Fig. S1.
Fig. S1.
Proteolysis profiles of human GCK. (A) Thermolysin digestion of wild-type GCK following addition of 0.2 M glucose. (B) Thermolysin digestion of the α13-helix variant. (C) Proteinase K digestion of GCK in the absence and presence of glucose. (D) Trypsin digestion of GCK in the absence and presence of glucose. Time points are listed in minutes from left to right across the top of each gel.
Fig. S2.
Fig. S2.
Positional insertion of 13C-Ile to probe the structure of the small domain β-sheet of unliganded GCK. (A) Location of Ile insertions; (BE) 1H-13C HMQC spectra of the L77I, L79I, L88I, and L146I variants of GCK demonstrate the appearance of new cross-peaks residing outside of the window expected for disordered isoleucines (boxed).
Fig. S3.
Fig. S3.
Positional insertion of 13C-Ile to probe the structure of the small domain α13-helix of unliganded GCK. (A) Location of Ile insertions; (BD) 1H-13C HMQC spectra of the G446I, V452I, L463I variants of GCK demonstrate the appearance of new cross-peaks. The boxed area denotes the region expected for disordered isoleucines.
Fig. S4.
Fig. S4.
1H-13C HMQC spectrum of glucose bound GCK with positional 13C-Ile probes in the C-terminal α13-helix of GCK. I452 is shifted away from the disordered region (B), whereas I446 and I463 (A and C) remain in the disordered region (boxed area) upon addition of glucose.
Fig. 3.
Fig. 3.
Two functionally distinct mechanisms of GCK activation. α-type activation, as exemplified by the α13-helix variant, shifts the ensemble structure toward a state resembling the glucose-bound conformation, as evidenced by increased sharpness of cross-peaks, shifting of mobile loop cross-peaks away from the disordered region of the spectrum, and the appearance of new cross-peaks. β-type activation, as exemplified by the β-hairpin variant, alters the structure and/or dynamics of the mobile loop (cyan), as evidenced by increased sharpness of mobile loop cross-peaks that remain in the disordered region of the spectrum.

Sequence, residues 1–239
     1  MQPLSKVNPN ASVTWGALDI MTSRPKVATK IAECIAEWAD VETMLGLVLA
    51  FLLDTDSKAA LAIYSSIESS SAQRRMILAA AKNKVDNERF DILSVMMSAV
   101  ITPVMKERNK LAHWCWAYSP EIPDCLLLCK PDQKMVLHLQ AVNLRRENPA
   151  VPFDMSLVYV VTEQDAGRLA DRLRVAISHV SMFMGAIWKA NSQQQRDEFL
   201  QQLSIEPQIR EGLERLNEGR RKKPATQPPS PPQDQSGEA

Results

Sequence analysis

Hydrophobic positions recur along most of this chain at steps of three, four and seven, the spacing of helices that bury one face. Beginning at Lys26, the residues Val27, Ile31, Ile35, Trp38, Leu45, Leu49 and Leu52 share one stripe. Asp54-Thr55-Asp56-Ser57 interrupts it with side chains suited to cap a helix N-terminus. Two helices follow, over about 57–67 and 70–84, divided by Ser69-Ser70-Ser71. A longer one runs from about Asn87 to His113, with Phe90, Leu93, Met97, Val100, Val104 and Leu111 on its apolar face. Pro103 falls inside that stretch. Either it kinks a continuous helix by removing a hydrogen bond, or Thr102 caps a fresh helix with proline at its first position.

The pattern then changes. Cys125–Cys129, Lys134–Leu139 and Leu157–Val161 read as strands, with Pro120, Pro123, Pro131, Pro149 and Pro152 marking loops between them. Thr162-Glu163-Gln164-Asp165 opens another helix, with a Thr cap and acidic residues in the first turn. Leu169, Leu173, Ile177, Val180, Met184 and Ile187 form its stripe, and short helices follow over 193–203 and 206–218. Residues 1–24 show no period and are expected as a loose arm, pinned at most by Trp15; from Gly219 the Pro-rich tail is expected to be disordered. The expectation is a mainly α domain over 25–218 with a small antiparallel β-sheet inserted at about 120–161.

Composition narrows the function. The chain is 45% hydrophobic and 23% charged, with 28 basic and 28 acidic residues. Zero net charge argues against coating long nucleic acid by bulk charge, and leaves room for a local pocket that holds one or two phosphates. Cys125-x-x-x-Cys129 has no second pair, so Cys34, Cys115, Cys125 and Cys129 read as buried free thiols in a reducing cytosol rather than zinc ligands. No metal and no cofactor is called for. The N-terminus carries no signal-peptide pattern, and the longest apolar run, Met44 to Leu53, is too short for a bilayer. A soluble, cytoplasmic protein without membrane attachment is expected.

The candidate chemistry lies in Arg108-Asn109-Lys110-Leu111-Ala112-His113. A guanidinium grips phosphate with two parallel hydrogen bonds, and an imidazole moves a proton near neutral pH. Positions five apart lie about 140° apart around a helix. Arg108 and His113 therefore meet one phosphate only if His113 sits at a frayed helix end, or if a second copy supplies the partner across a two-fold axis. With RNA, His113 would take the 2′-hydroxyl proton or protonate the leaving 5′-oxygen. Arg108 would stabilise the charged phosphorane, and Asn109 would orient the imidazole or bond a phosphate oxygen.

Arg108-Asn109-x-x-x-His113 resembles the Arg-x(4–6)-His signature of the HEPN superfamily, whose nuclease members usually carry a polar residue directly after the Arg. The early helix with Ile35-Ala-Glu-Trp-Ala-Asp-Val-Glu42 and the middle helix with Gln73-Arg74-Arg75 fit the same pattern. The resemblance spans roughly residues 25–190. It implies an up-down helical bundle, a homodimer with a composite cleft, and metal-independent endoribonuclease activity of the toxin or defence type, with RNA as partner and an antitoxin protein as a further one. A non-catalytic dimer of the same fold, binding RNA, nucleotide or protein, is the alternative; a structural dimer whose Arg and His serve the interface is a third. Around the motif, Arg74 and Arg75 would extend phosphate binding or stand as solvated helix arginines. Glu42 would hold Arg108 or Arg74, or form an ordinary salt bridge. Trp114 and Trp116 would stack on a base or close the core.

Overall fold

Fig. S5.
Fig. S5.
Overlay of 1H-13C Ile HMQC spectra of glucose-bound wild-type GCK with the unliganded α13-helix variant. In the unliganded α13-helix variant, I159 and I163 each display two peaks. One is in the disordered region corresponding to their position in the glucose bound wild-type, whereas the other peak is shifted away from the disordered region (denoted with a prime).
Fig. 4.
Fig. 4.
Model of GCK cooperativity. Unliganded GCK undergoes millisecond exchange between E and E* with a rate constant (kex = kf + kr) comparable to kcat, which produces kinetic cooperativity (red). Cooperativity is reduced (green) by alterations in kex or kcat such that these values are no longer comparable. α-type activation results from alterations in kex that cause a population shift toward one-state, whereas β-type activation results from alterations in kex and/or kcat that do not substantially perturb the conformational equilibrium. Steps that contribute to the value of kcat are colored gray, g is glucose, g6p is glucose 6-phosphate, and values for kex, kf, kr, and kcat are from ref. .

Comment in

  • Allostery vs. "allokairy".
    Hilser VJ, Anderson JA, Motlagh HN. Hilser VJ, et al. Proc Natl Acad Sci U S A. 2015 Sep 15;112(37):11430-1. doi: 10.1073/pnas.1515239112. Epub 2015 Sep 8. Proc Natl Acad Sci U S A. 2015. PMID: 26372953 Free PMC article. No abstract available.